Back of Beyond (A Highway Quartet #1) by C.J. Box

Book Description:

Published: August 2, 2011

Format: Audio/OverDrive

Cody Hoyt, while a brilliant cop, is an alcoholic struggling with two months of sobriety when his mentor and AA sponsor Hank Winters is found burned to death in a remote mountain cabin. At first it looks like the suicide of a man who’s fallen off the wagon, but Cody knows Hank better than that. Sober for fourteen years, Hank took pride in his hard-won sobriety and never hesitated to drop whatever he was doing to talk Cody off a ledge. When Cody takes a closer look at the scene of his friend’s death, it becomes apparent that foul play is at hand. After years of bad behavior with his department, he’s in no position to be investigating a homicide, but this man was a friend and Cody’s determined to find his killer.

When clues found at the scene link the murderer to an outfitter leading tourists on a multi-day wilderness horseback trip into the remote corners of Yellowstone National Park–a pack trip that includes his son Justin–Cody is desperate to get on their trail and stop the killer before the group heads into the wild. Among the tourists is fourteen-year-old Gracie Sullivan, an awkward but intelligent loner who begins to suspect that someone in their party is dangerous.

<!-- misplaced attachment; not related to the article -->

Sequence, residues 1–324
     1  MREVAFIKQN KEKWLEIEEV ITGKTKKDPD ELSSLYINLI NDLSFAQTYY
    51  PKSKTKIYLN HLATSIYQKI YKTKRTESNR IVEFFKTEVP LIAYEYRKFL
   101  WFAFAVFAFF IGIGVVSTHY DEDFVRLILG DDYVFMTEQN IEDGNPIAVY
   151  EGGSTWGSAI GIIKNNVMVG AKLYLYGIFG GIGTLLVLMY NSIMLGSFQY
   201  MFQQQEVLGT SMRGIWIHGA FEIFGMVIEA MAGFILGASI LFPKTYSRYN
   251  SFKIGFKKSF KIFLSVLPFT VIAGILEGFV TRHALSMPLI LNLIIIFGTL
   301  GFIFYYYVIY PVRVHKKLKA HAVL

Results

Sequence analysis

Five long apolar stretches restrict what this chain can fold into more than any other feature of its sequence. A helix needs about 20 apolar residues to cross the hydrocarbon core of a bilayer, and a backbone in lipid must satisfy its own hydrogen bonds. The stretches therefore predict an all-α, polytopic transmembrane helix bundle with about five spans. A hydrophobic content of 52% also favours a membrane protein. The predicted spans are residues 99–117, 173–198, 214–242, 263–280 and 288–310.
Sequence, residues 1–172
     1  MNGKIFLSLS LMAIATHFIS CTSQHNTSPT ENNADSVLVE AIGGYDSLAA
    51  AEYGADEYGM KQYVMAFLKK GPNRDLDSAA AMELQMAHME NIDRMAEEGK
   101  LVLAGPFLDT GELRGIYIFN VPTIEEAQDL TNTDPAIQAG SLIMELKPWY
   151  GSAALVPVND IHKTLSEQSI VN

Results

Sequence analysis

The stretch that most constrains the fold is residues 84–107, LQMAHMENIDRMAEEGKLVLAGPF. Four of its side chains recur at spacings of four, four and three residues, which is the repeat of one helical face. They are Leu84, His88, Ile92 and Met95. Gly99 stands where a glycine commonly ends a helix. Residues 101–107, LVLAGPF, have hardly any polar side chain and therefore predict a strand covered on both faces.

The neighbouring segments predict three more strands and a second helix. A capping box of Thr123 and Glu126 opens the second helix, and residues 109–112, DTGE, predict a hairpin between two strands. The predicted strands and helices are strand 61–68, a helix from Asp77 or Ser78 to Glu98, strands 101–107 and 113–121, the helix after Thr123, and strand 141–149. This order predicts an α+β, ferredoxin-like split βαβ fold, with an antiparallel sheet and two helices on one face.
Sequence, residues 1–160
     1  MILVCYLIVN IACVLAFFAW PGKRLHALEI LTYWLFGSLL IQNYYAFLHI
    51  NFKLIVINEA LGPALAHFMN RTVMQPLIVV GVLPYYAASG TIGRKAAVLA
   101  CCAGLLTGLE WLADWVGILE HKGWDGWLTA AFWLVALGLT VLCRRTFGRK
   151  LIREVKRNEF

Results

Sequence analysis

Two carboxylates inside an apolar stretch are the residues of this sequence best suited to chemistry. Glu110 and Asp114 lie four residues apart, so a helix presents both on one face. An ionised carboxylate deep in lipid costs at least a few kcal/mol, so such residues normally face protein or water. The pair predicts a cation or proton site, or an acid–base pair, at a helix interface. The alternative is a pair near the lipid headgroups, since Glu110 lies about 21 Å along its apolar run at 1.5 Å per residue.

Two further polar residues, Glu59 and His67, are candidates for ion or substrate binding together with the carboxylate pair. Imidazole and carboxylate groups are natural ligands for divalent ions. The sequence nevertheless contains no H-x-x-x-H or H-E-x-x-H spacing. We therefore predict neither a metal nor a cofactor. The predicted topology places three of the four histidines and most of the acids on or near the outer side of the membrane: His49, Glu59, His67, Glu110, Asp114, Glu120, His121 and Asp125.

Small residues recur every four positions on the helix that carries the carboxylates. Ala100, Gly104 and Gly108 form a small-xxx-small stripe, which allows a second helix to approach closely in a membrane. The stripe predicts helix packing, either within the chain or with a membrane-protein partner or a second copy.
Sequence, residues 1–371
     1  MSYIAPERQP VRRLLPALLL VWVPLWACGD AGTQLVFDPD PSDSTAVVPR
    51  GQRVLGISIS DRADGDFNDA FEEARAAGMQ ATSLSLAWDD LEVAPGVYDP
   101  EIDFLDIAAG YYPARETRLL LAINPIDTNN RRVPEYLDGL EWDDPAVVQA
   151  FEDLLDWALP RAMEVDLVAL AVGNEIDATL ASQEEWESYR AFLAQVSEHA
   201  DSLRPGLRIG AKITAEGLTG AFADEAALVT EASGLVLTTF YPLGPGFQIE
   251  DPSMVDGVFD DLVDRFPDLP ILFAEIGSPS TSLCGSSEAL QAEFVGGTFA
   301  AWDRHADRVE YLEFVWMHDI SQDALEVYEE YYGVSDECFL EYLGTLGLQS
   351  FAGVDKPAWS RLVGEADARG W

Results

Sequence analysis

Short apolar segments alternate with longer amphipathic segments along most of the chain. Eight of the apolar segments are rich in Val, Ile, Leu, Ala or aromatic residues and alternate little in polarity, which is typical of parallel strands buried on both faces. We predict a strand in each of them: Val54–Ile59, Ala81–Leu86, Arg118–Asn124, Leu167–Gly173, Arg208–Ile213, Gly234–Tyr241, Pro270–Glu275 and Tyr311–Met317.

In a fatal cat and mouse game, where it becomes apparent the murderer is somehow aware of Cody’s every move, Cody treks into the wilderness to stop a killer hell-bent on ruining the only thing in his life he cares about.

Review –

I believe this is my first read/listen by C.J. Box and found out the Edgar Award-winning author has built an impressive career with mysteries and thrillers set amongst the small towns, vast expanses, and rugged beauty of America’s rural and backcountry areas.

Along with his terrific series starring Wyoming game warden Joe Pickett, Box has penned some impressive standalones (Blue Heaven and Three Weeks to Say Goodbye). This novel brings back Cody Hoyt, the maverick, alcoholic cop first seen in that latter book. Hoyt is now living in the Montana mountains, struggling with the mess he’s made of his life; he’s two months sober, divorced, disliked and distrusted by many, and barely sees the son he loves. Things get worse when a body is found in a burned cabin in the woods, and Hoyt realises it’s his AA sponsor Hank Winters, the only man who’s kept him off the ledge recently. Despite initial evidence to the contrary, Hoyt can’t believe Winters fell off the wagon and was burned to death in an alcoholic stupor, accident or suicide.

Determined to find a killer others don’t even believe exists, Hoyt digs himself into an even deeper hole when he shoots and wounds the county coroner in a botched stakeout, and is suspended from duty. Badge or not badge, Hoyt can’t let go, and is driven to find justice for one of his only friends – and perhaps, in doing so, a small measure of salvation for himself.

When clues point Hoyt in the direction of an outfitter leading a multi-day horseback trek, a trip that includes Hoyt’s estranged son, he – and the novel – shifts focus to the remote ‘back of beyond’ that is the magnificent, rugged landscapes of Yellowstone National Park. On the hunt for a killer disguised amongst the motley crew of tourists. A killer that is far too close to the only thing that Hoyt really cares about in his downward-spiralling life.